The bank-owned superannuation sector got a major trashing late last week, when the royal commission’s counsel assisting released a scathing summary of the behaviour of these institutions.
Any other day the report, which listed a swathe of breaches so serious some of them could lead to criminal penalties, would have received more press. But it coincided with and was all but silenced by the drama in Canberra.
The 222-page report, released on Friday evening just as Scott Morrison was being sworn in as prime minister, was absolutely scathing of the behaviour of CommBank and NAB, as well as being highly critical of a number of other retail superannuation funds.
The standout issue was the charging of fees for no service.
Counsel assisting Michael Hodge, QC, who led the questioning, was also highly critical of the two financial regulators: consumer watchdog ASIC, and prudential regulator APRA.
The counsel assisting’s findings are recommendations, and carry no weight in themselves. Only the commissioner, Kenneth Hayne, can make any official findings.
However, taken as indication of what we can expect from the commissioner’s final findings, the for-profit retail super sector looks set to face serious censure, and possibly criminal penalties.
By contrast, not-for-profit industry super funds came out in much better shape, a fact likely to disappoint the big banks and elements within the Coalition, who object to industry funds’ supposedly privileged position in industrial awards, and their connections to trade unions.
Of all the institutions named in the report, NAB perhaps came off worst for the behaviour of its superannuation business MLC and superannuation trustee Nulis.
The list of possible contraventions went on for 22 paragraphs, and included charging of fees for no service, charging fees to dead customers, engaging in “misleading or deceptive” conduct, and exploiting potential loopholes in the law to retain commissions after they had been banned by law.
A large number of the alleged breaches were classed as “misconduct” – the more serious of the two potential breaches. The other is a breach of “community standards and expectations”.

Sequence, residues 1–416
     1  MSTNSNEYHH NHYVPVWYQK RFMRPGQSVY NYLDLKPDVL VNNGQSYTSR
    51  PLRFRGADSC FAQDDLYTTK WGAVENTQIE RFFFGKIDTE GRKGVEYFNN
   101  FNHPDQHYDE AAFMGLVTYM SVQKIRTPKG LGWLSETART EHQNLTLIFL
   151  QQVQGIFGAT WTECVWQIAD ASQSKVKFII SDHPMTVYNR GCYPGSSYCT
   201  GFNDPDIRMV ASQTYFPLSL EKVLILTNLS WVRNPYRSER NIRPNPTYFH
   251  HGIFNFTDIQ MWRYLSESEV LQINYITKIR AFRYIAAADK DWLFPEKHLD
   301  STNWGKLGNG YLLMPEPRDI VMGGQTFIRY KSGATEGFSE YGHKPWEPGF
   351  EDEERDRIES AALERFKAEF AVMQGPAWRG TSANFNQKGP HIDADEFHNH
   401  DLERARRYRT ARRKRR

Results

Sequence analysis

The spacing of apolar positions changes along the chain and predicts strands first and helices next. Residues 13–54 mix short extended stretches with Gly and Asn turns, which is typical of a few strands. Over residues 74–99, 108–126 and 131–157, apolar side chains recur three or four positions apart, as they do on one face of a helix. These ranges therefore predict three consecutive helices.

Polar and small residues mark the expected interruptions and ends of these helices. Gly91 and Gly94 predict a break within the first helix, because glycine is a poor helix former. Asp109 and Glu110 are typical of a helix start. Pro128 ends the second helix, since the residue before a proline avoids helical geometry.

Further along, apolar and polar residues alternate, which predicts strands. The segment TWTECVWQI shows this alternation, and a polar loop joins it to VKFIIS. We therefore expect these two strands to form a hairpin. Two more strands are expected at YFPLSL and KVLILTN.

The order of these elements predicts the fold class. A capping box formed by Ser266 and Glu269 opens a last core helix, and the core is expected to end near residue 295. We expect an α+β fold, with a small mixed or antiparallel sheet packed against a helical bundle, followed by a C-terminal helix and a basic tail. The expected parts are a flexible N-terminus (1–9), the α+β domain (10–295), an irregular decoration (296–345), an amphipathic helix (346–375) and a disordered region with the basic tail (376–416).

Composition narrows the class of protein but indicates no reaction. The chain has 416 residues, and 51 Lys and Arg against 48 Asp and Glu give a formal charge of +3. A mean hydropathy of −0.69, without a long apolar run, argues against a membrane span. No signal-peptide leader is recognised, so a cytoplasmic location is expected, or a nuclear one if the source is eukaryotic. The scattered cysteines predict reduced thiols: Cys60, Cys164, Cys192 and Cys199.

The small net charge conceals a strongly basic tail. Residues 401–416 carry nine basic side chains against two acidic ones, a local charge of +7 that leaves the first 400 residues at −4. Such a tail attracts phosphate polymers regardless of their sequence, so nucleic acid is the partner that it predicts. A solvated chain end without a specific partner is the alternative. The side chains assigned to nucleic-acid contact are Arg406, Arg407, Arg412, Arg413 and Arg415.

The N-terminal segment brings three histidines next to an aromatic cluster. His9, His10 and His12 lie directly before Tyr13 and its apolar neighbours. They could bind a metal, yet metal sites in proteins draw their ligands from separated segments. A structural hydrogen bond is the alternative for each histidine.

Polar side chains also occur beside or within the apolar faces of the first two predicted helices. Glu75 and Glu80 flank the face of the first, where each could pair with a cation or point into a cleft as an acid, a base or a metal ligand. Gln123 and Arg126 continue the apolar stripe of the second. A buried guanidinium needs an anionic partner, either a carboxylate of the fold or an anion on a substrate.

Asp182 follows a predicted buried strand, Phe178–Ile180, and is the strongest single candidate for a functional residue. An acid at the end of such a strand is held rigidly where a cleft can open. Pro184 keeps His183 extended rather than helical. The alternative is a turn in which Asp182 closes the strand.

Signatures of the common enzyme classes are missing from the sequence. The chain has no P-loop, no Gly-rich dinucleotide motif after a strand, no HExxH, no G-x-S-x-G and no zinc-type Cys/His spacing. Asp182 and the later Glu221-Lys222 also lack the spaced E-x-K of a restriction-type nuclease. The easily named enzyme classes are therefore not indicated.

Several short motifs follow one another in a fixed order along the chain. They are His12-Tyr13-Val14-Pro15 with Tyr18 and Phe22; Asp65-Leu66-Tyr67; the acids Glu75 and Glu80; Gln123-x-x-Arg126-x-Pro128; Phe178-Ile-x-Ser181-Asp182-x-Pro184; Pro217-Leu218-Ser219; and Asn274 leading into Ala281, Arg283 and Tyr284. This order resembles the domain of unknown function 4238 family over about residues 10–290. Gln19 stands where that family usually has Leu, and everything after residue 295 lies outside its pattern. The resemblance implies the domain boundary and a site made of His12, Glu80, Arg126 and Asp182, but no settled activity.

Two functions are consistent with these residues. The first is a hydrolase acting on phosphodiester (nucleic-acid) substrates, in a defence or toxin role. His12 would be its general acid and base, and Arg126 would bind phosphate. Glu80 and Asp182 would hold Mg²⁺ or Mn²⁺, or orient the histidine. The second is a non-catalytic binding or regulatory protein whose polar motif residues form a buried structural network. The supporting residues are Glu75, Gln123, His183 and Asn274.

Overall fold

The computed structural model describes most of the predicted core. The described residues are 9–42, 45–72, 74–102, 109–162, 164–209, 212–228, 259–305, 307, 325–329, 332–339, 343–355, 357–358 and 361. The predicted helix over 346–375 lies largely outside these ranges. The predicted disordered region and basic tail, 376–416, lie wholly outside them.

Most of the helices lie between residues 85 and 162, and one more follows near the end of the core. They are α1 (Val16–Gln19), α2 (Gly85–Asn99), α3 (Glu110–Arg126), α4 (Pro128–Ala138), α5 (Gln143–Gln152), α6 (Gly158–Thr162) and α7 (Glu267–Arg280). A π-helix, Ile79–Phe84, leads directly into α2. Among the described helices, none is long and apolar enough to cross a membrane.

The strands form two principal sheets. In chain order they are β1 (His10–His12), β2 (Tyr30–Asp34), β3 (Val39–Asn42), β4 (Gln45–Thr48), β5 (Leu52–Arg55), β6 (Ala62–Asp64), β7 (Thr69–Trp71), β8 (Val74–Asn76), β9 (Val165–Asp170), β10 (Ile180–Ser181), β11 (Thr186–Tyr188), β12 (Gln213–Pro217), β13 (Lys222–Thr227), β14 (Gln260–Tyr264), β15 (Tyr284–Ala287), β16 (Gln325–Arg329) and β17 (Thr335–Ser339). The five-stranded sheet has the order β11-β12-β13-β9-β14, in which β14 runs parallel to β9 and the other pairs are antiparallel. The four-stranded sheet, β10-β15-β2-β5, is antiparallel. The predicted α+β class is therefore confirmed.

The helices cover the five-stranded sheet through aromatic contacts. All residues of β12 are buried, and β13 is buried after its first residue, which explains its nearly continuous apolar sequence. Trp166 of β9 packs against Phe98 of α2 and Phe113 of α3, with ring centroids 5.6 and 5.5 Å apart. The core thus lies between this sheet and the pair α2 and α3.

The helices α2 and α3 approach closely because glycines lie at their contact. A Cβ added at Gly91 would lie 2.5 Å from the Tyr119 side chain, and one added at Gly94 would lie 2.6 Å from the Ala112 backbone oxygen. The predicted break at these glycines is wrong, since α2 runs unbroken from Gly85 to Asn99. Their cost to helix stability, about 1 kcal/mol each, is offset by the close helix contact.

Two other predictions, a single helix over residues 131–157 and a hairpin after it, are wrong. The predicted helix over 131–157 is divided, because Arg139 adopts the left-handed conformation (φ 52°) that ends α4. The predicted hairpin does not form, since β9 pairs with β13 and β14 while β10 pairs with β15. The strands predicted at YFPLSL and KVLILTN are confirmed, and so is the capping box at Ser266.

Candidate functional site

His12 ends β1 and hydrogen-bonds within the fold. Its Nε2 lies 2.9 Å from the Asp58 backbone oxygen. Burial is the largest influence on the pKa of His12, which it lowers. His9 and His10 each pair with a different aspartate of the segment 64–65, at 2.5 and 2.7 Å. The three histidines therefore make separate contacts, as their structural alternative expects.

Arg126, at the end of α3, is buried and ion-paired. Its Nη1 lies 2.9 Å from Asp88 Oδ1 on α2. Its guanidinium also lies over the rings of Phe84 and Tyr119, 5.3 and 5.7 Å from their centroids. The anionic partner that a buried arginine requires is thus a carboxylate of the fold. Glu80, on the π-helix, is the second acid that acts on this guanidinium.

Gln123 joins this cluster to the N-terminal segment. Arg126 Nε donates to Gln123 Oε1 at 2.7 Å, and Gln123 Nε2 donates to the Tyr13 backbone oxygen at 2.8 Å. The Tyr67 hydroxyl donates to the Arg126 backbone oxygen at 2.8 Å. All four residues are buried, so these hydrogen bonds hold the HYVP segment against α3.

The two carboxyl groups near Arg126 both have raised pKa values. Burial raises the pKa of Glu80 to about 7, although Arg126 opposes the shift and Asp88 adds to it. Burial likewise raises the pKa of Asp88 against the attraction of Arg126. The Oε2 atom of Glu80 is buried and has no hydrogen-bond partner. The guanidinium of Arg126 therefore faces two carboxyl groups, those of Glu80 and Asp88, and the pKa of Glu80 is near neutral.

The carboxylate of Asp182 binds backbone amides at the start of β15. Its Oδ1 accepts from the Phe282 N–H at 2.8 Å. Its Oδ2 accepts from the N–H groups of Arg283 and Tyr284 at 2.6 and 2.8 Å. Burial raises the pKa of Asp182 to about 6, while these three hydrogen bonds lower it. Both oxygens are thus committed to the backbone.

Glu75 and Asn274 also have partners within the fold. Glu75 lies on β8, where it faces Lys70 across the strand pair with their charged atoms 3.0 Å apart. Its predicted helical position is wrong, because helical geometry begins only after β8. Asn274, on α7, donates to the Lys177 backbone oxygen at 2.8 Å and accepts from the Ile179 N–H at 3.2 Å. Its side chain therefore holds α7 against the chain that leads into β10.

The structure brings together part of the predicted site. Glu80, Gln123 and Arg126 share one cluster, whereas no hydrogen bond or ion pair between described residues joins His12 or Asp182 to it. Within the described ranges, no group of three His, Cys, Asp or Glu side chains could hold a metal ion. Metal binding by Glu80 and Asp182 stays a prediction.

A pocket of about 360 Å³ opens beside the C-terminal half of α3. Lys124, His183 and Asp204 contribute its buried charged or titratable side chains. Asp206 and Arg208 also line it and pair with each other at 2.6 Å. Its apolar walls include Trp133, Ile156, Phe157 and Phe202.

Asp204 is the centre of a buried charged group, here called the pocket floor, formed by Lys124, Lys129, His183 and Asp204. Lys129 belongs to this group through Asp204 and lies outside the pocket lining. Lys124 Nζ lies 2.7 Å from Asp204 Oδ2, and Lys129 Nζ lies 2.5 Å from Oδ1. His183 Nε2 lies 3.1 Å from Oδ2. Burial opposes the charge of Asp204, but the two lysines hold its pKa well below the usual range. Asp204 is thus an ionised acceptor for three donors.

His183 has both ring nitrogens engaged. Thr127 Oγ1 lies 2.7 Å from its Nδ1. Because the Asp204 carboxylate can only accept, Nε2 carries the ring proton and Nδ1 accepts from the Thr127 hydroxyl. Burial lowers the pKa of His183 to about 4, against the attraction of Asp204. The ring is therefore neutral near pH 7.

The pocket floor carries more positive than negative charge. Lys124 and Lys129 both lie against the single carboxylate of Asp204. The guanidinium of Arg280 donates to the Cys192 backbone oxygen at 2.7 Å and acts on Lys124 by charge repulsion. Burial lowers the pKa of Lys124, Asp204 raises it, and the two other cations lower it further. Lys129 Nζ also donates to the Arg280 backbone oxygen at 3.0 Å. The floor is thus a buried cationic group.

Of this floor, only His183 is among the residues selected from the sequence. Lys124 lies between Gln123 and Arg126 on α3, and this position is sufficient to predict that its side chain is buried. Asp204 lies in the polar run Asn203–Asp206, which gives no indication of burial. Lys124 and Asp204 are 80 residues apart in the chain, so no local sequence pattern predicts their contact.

CommBank’s alleged breaches related to its superannuation business, Colonial First State, and were very similar to the allegations made against NAB.
They went on for 23 paragraphs, or just over six pages, and included allegations of charging dead clients fees for advice, prioritising the interests of advisers over customers, and charging trailing commissions to customers who had been told the product was commission free.
The counsel assisting listed 11 instances of alleged misconduct in relation to trailing (ie ongoing) commissions.
The majority of CommBank’s alleged breaches were classed as misconduct rather than the less serious one of falling below community standards.
Other retail funds to face allegations of misconduct or falling below community standards included IOOF, Suncorp, AMP, Westpac (through BT), Mercer and ANZ.
The most high-profile industry fund to face questioning in the royal commission was the nation’s biggest fund, AustralianSuper. It was questioned over its use of members’ money to fund an advertising campaign and this publication, The New Daily. The fund was also questioned over its investment in energy company Pacific Hydro.
In a one-paragraph statement, the counsel assisting dismissed any suggestion of misconduct or a failure to meet community standards.
“In respect of these matters, we submit that it is not open to the Commissioner to find that any of the conduct constituted misconduct or conduct falling short of community standards and expectations,” the statement ran.
Industry fund HOSTPLUS, which as an owner of Industry Super Holdings also has a stake in The New Daily, was alleged to have failed to meet community standards and expectations in the way it communicated with members with low balances. There were no allegations of misconduct.
Industry funds Cbus, Sunsuper, Energy Super and Catholic Super were also mentioned. Only Catholic Super faced any allegations of misconduct or failing to meet community standards.